ObjectivesWe hypothesized that intentional weight loss may be associated with development of lymphohematopoietic cancers, based on observations of immune suppression following weight loss in short-term studies.
MethodsAt the baseline of the Women's Health Initiative Observational Study (1994-1998), participants reported information about intentional weight loss episodes in the past 20 years. We estimated hazard ratios (HRs) and 95% confidence intervals (CIs) among 81,219 women for associations between past intentional weight loss and risk of developing non-Hodgkin lymphoma (NHL), leukemia, and multiple myeloma during an average 9.9 years of follow-up.
ResultsThe risk of NHL was associated with having lost a large maximum amount of weight (> or =50 pounds, HR = 1.68, 95% CI 1.13-2.50). NHL risk also varied by the frequency of intentional weight loss; women had increased risk if they lost 50 pounds or more > or =3 times (HR = 1.97, 95% CI 0.93-4.16; p trend by frequency = 0.09) or 20-49 pounds > or =3 times (HR = 1.55, 95% CI 1.00-2.40; p trend = 0.05), but there was no risk associated with smaller amounts of weight loss (10-19 pounds > or =3 times, HR = 0.78, 95% CI 0.46-1.33). These associations persisted with adjustment for body mass index at different ages. We observed non-significant associations of similar magnitude for multiple myeloma, but past intentional weight loss episodes were not associated with leukemia.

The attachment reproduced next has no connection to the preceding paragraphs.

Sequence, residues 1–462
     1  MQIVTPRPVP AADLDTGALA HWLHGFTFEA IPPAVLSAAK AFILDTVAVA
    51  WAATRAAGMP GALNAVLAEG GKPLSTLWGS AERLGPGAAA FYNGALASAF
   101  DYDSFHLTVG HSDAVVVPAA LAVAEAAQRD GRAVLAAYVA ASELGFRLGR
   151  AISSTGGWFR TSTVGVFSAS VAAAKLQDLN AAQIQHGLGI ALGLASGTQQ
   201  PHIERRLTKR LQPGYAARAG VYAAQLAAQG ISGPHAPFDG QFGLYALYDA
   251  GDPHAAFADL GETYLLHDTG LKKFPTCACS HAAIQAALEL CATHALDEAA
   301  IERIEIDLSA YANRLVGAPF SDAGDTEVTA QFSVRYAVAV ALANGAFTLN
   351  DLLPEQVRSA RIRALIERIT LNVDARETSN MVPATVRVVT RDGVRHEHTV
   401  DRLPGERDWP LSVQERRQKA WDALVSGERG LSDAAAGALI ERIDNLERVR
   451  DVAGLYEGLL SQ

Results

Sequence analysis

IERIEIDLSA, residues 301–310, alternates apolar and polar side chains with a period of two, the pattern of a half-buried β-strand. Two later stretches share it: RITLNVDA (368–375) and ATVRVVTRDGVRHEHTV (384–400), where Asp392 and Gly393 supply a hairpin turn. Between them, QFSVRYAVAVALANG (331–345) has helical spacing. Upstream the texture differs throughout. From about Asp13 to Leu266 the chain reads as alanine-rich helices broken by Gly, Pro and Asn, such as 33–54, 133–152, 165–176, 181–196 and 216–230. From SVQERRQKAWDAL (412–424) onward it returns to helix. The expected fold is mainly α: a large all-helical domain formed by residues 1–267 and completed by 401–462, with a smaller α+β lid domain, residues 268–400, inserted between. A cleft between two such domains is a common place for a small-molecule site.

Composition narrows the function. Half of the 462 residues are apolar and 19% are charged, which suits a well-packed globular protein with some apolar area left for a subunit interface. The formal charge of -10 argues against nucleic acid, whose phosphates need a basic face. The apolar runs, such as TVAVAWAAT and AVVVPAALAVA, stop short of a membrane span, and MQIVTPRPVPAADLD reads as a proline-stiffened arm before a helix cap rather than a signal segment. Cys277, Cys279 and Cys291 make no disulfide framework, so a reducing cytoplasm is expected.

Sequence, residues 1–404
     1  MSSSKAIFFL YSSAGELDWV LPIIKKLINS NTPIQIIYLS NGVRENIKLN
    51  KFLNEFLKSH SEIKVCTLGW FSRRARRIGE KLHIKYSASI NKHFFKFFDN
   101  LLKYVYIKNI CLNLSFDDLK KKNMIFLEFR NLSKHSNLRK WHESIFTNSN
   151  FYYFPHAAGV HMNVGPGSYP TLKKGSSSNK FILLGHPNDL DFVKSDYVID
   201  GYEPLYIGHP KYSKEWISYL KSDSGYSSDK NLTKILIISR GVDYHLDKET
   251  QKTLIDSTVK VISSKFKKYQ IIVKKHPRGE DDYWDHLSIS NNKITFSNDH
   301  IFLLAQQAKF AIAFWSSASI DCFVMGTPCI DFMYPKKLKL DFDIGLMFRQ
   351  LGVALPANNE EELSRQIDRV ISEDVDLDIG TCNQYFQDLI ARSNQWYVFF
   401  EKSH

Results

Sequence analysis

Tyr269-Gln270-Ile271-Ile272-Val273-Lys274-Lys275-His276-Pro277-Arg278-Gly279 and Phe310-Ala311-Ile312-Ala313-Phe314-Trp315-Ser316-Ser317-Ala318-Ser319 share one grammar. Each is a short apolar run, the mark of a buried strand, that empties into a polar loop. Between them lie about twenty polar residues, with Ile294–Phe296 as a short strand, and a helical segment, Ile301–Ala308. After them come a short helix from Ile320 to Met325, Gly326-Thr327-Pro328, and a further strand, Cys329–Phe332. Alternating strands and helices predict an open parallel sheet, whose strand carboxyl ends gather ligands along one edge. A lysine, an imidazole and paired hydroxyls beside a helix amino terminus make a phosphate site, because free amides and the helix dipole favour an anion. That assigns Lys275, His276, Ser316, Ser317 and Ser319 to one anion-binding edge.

ConclusionFurther assessment of intentional weight loss as a possible risk factor for lymphomas may provide insight into the etiology of these cancers.